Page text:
Frederic Ozanam established the Society of St. Vincent de Paul in Paris, France, in 1833. The society was originally named the Council of Charity, and consisted of Ozanam and several of his peers. The first American conference was formed in St. Louis, Missouri, in 1845.
Ozanam was studying law in Paris when a fellow student challenged him during a debate, asking exactly what Ozanam and other Catholic students were doing to help the poor. Shortly after forming the Council of Charity, Ozanam placed it under St. Vincent de Paul's patronage. De Paul had worked to help the poor in 16th-century France. The society continued to expand its work within France over the following years.
The society established its first conference in England in 1844, consisting of 13 members in London. The society worked to provide employment for boys, along with care for young children. As of 2015, the society has over 10,000 members in the United Kingdom.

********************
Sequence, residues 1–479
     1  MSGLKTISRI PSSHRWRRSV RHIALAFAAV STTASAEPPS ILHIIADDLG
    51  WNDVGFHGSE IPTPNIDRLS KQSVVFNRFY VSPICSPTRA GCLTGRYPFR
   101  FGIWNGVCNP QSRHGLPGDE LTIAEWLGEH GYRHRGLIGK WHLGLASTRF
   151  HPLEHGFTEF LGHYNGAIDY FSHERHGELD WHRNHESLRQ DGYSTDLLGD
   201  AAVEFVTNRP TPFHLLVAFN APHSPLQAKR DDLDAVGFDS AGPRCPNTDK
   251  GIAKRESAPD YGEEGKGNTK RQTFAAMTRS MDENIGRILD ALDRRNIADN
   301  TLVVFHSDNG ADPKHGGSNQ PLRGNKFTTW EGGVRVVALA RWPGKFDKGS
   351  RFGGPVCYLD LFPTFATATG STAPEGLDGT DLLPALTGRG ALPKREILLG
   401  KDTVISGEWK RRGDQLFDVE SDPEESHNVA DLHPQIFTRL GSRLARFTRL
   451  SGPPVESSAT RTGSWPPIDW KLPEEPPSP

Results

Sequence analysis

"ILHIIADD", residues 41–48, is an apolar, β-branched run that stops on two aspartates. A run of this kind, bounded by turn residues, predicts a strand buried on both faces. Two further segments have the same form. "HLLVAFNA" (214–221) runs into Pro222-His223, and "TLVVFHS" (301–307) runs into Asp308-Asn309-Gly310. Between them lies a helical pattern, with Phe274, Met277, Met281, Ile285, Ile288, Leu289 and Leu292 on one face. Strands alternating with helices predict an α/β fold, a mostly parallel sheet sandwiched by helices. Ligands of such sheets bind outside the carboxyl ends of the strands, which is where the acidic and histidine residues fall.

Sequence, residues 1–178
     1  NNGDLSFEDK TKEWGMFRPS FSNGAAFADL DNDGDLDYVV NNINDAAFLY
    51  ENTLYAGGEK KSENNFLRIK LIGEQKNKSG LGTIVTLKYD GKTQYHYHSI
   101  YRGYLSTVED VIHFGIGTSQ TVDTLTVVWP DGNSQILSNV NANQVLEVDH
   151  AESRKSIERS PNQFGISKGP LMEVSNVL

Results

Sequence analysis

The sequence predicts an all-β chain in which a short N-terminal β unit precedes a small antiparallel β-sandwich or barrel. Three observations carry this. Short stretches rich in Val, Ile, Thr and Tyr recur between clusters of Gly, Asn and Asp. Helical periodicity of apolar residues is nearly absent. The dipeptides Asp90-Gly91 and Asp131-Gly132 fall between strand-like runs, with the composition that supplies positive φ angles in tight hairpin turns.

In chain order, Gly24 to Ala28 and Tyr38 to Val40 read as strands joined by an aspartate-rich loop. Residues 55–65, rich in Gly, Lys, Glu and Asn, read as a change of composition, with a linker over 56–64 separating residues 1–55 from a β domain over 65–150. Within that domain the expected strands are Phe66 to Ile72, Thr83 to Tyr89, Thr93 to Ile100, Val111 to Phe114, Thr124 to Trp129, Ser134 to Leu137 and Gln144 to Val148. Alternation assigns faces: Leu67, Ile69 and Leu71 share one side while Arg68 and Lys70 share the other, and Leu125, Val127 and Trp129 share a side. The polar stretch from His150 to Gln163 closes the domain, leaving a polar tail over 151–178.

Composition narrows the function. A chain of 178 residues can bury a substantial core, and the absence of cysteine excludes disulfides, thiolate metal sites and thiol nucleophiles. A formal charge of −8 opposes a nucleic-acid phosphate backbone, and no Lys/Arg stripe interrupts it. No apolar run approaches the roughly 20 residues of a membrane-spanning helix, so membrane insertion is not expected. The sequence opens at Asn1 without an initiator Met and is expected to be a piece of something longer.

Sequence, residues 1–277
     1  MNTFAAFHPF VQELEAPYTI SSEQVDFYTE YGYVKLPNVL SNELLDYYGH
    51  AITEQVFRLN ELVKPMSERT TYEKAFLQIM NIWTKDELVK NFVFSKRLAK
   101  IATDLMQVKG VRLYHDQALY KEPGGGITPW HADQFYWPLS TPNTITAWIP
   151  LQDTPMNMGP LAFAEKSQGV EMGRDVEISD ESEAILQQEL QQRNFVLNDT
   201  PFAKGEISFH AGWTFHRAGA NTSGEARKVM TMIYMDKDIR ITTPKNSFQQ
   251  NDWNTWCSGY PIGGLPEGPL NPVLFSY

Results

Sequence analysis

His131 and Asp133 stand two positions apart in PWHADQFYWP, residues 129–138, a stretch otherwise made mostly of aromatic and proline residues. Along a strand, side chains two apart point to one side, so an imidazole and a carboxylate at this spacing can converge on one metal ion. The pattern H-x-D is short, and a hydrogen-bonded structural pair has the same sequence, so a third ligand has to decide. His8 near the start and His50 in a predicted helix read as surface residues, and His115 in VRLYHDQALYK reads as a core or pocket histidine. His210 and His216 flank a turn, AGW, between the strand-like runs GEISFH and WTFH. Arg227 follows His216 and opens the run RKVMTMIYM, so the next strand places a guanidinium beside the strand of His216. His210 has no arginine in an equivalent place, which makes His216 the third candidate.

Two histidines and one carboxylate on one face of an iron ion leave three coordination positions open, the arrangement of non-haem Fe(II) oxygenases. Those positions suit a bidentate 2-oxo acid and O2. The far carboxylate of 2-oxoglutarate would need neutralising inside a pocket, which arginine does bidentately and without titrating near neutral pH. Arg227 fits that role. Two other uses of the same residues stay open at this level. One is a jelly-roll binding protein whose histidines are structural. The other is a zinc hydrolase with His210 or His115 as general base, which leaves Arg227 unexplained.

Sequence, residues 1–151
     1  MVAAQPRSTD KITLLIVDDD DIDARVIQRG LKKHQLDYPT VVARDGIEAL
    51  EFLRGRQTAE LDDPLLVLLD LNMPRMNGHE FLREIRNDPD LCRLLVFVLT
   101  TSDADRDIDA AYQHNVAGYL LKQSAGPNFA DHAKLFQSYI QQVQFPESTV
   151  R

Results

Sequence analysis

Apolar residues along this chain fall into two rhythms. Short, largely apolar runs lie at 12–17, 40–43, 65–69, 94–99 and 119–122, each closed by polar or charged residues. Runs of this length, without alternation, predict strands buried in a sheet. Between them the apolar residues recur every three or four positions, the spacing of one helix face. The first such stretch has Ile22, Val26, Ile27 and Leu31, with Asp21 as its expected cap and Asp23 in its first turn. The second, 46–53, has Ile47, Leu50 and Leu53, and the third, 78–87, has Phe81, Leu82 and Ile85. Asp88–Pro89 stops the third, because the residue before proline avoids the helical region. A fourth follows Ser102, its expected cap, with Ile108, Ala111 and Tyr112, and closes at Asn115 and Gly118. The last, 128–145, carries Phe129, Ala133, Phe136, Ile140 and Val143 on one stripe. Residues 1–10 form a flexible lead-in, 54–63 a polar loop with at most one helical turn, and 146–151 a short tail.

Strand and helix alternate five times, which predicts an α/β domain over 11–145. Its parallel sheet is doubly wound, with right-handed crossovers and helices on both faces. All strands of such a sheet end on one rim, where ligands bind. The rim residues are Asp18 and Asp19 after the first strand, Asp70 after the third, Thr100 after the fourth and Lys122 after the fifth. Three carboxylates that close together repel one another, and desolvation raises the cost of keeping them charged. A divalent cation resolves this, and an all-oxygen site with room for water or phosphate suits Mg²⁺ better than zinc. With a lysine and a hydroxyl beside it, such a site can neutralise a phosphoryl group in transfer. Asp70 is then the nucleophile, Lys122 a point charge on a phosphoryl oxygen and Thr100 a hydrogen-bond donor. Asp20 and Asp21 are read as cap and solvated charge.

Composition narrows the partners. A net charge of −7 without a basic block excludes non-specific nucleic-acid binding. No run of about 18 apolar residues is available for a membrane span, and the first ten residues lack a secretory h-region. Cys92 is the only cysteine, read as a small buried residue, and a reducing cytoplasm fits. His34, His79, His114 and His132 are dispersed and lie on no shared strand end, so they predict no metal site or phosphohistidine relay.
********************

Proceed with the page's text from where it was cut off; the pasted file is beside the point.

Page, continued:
In 1845 an American pastor, Father John Timon, visited Ireland and brought news of the society's work back to the United States. Father Ambrose Heim worked to establish the society in the United States, and the society's international council formally recognized the U.S. organization in 1846. There are currently over 170,000 society members in the United States, who provide assistance with disaster relief, job training and food pantries, among other programs.